Following a week off, Louisville will look to build on its win at NC State and improve to .500 on the season as it prepares to visit Florida State. Cardinals head coach Bobby Petrino discussed the team's week off and previewed the Saturday's game against the 11th-ranked Seminoles.
During his opening statement, U of L head coach Bobby Petrino was quick to admit that among the challenges that Florida State presents, containing sophomore running back Dalvin Cook.
Cook, who Petrino described as "extremely fast, extremely powerful," is racking up some staggering numbers through five games. His 792 yards not only ranks sixth in the nation, it's also the second most rushing yards by an ACC back through the season's first five games since 1996. His 158 yards per game average is second best in the country.
"I know we have a great challenge ahead of us going to Florida State and playing against a great football team," Petrino said. "Obviously, our defense has a great challenge trying to stop a really, really good running back."
Cook has topped the 200-yard mark twice this year and the 100-yard mark four times in five games. His eight rushing touchdowns places him among the nation's top 15.
He's also dangerous in the passing game, where he has seven catches for 71 yards and a touchdown.
"The combination of strength and speed, he can catch the ball in his hands and I know that he's made a lot of plays a lot of different ways," said Petrino.
While the Seminoles have a first year quarterback guiding their offense, the Cardinals are familiar with the graduate transfer's abilities.
Everett Golson was behind center for Notre Dame when Louisville met the Irish in South Bend last season. The 6-foot, 200-pound senior was16 of 24 for 236 yards with two touchdowns and an interception in a 31-28 loss to the Cardinals.
His play has been vital for the Seminoles perfect start to the season.
"One thing that he has done a good job of this year is taking care of the football," said Petrino.
In five games for Florida State, Golson has completed 67 percent of pass attempts for 1,077 yards and eight touchdowns without throwing an interception.
Statistically, the Louisville rushing attack has steadily improved through the season's first five games. The Cardinals enter Saturday's game averaging 164 yards per outing and while that total is inching closer to the type of numbers that the offense needs to become more consistent. However, the issue is that Lamar Jackson leads the team with 435 yards from his quarterback position.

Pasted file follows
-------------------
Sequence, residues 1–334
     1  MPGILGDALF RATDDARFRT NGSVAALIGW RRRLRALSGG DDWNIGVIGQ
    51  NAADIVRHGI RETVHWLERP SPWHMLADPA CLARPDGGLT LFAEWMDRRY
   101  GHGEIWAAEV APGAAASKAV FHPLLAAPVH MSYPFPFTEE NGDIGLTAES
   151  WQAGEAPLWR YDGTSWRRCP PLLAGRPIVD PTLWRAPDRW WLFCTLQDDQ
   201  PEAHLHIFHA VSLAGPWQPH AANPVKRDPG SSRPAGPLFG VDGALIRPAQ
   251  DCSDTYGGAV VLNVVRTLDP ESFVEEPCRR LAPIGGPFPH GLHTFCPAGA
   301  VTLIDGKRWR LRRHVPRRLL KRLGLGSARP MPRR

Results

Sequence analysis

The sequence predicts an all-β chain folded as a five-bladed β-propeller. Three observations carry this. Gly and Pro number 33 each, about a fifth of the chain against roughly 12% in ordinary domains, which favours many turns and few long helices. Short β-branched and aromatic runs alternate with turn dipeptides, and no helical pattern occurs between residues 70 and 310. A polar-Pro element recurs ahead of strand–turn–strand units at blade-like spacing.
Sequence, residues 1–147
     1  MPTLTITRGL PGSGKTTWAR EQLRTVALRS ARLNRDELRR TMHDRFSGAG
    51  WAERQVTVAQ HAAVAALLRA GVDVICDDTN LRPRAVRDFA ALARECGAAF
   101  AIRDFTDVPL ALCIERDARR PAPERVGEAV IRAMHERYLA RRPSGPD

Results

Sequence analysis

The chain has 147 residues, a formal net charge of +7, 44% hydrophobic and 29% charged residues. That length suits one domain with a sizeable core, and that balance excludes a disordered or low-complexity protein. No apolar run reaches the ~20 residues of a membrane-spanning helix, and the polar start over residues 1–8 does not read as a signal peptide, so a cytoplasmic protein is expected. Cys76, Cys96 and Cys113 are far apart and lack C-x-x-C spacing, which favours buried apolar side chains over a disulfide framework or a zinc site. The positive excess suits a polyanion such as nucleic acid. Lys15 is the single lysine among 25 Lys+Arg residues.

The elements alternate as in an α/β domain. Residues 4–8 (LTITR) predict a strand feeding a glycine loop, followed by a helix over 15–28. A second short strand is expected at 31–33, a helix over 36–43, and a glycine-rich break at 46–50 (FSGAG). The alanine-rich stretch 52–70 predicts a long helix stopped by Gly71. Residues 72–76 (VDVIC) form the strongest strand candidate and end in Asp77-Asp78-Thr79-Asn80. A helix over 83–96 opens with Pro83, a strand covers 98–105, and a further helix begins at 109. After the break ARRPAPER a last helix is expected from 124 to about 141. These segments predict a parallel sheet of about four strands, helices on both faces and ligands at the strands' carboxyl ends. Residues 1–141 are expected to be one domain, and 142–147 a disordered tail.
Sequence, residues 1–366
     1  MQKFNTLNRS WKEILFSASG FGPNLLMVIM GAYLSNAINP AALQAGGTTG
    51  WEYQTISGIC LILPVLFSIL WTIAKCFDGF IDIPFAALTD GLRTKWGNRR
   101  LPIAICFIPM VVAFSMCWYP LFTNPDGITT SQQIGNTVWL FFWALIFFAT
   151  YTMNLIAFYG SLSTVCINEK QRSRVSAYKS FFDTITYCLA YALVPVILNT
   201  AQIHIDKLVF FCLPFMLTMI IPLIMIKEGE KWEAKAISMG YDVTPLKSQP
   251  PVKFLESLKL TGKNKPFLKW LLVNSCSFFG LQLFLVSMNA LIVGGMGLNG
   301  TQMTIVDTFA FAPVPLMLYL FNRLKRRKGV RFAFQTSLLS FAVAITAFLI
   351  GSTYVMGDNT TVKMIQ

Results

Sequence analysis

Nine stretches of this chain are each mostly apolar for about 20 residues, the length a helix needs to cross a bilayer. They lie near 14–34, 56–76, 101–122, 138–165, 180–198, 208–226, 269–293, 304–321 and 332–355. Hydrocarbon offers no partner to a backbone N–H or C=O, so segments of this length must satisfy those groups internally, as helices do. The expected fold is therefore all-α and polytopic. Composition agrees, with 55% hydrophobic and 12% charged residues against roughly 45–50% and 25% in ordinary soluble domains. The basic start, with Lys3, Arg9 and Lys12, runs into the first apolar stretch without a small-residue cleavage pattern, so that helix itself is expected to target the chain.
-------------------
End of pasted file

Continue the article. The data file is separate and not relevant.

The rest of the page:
Louisville's top three running backs - Brandon Radcliff, L.J. Scott and Jeremy Smith - have combined for just 71 yards per game. Also among the areas that the team focused on during the off week was getting better carries for the running backs.
"We have to work on our execution and be able to establish a running game that isn't just the quarterback carrying the ball," said Petrino. "That's what we worked hard on the last four practices."
Following a high school career that saw asked him to be under center, Louisville's dual-threat quarterback Lamar Jackson has struggled making the adjustment since arriving at in the Derby City. Being able to read the defense and making a smooth running back exchange on handoffs, among other variances, are executed differently when under center or in shotgun formation.
The off weekend provided additional opportunities to gain valuable reps for Jackson under center.
"We've been working on it," Petrino explained. "That was one of the things we focused on this week. Being able to operate the offense from under center, get to the right exchange points, utilize play-action and those things, so we've been working hard at that, too."
Transfer wide receiver Jamari Staples was expected to become an important member of the U of L offense was the season and drew positive reviews for his efforts since arriving from UAB in January. During the final weeks of fall camp, Staples suffered an injury and subsequently missed the season's first four games.
The 6-foot-4 junior made his Cardinal debut against NC State, totaling two receptions for 22 yards.
"It was great having him back," Petrino said. "He really understand the offense, he is tall and fast and catches the ball away from his body and his hands. We understand that whenever he is out there, he is going to do what the offense calls for."